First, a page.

There are a very few things I hate about the used book biz.
Perching atop that short list like a fat, sleek buzzard is the reality that the best books you see are nearly always the result of tragedy. People with interesting libraries love books and it takes the stern efforts of
hardship in all its angular forms
to pry favorites
There's a fellow, a customer of 30 years standing, who over the past several months has been bringing in armloads of unusually good art & design books. The first few batches were nice but not special- uncommon, but things we do see now and then. The sort of books someone with a quality library might let go to free up shelf space, or because they had multiples, or had picked up a better book on the subject. His next few loads were mostly good stuff with a couple of gems- things that I knew he wouldn't sell in normal circumstances, like a hardcover Virgil Finlay book he'd bought when the shop was still over on Broad St.
This morning was the clincher, a tall stack of books and every one a treasure. I talked with him a bit and he's in some sort of financial pinch. I did my best to help him out, but retail is unforgiving- as the saying goes, "you don't make your money when you sell the book, you make your money when you buy the book." I did what I could, but that's little enough for someone in real trouble. Over the last few years we've gotten some fantastic books from people who were losing their houses, who were dealing with the financial disaster of being gravely ill in a country beset by rapacious for-profit health care. And, always, from the relatives of the departed.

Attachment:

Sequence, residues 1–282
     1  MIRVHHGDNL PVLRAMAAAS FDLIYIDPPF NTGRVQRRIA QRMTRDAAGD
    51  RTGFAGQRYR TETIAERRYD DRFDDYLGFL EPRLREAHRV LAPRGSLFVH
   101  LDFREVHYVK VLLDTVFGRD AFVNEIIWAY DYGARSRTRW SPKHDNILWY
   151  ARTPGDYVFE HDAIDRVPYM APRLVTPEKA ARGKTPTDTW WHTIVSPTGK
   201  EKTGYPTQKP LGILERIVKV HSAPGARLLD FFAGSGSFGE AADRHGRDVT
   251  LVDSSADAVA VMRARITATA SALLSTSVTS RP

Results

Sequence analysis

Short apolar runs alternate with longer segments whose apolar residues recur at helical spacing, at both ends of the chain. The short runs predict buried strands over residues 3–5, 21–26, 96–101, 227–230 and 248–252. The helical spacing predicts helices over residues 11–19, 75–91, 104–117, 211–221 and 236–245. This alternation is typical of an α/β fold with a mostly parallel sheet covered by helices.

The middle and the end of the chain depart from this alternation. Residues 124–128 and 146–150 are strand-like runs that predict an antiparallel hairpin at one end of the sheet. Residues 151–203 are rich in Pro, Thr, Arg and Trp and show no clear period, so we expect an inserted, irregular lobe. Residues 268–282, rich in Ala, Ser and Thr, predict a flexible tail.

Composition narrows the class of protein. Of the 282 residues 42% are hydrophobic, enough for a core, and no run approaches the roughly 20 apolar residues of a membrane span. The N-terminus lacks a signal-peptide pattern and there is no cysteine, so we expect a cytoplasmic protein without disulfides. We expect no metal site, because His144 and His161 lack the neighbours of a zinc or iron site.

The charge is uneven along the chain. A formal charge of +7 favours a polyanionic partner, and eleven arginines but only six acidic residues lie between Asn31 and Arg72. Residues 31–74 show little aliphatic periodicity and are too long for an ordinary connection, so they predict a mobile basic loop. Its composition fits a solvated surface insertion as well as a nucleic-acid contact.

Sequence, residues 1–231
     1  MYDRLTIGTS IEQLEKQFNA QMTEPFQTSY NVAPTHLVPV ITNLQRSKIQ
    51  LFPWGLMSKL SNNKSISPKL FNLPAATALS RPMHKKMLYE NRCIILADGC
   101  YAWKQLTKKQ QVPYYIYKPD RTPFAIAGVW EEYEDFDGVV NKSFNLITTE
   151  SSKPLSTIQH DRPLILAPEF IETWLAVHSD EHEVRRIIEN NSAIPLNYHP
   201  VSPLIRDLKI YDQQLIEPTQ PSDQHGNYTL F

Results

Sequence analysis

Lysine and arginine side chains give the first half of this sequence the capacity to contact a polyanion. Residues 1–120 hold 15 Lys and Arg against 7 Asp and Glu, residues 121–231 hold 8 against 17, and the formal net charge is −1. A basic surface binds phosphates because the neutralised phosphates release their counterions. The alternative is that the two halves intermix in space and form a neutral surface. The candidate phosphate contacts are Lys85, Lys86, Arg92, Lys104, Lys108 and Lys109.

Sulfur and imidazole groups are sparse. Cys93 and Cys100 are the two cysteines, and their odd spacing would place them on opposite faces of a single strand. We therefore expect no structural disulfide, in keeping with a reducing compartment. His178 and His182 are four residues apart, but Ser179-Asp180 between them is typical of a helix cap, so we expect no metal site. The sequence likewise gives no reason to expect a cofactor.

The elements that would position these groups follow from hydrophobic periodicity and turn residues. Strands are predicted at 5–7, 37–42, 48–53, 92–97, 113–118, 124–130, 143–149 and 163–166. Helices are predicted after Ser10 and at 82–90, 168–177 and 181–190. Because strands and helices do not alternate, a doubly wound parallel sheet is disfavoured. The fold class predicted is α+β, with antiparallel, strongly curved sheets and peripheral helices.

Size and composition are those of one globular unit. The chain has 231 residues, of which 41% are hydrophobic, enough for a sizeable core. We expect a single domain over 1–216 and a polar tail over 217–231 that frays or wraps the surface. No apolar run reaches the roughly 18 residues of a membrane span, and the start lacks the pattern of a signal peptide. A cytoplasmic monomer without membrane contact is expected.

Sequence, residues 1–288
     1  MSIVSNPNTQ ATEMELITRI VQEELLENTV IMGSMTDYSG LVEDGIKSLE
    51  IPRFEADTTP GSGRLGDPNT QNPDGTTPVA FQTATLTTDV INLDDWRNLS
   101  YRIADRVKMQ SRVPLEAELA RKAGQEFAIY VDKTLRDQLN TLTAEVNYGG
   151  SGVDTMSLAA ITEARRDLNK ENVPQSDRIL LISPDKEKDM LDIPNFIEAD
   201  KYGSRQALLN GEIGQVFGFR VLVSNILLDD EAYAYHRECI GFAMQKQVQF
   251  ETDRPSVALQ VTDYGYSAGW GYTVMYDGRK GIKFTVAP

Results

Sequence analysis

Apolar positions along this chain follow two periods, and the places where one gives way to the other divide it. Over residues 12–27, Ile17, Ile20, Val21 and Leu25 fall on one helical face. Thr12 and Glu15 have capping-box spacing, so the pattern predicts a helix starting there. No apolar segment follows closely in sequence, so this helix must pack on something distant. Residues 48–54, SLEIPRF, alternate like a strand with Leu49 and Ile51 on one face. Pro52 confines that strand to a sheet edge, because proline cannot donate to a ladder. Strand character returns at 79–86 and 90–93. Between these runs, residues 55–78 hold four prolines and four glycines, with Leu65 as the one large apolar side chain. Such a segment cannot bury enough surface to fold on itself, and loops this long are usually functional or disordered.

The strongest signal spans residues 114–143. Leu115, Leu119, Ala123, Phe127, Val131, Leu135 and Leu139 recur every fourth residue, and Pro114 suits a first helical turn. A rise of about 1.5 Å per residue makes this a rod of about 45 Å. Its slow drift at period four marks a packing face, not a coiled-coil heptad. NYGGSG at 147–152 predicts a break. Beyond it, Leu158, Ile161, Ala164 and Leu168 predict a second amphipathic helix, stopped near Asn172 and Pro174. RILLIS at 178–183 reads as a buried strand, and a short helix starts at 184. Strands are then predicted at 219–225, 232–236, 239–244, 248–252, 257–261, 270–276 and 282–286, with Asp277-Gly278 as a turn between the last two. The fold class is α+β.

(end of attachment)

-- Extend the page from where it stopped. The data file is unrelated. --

But the world is rife with tragedy- there's nothing to be done, aside from treating sellers and their books with dignity.
While typing the second paragraph of this post a lady came in to ask after a book- her boyfriends grandmother had died, a relative had brought her books in without consulting him and there are some he wants back...sigh.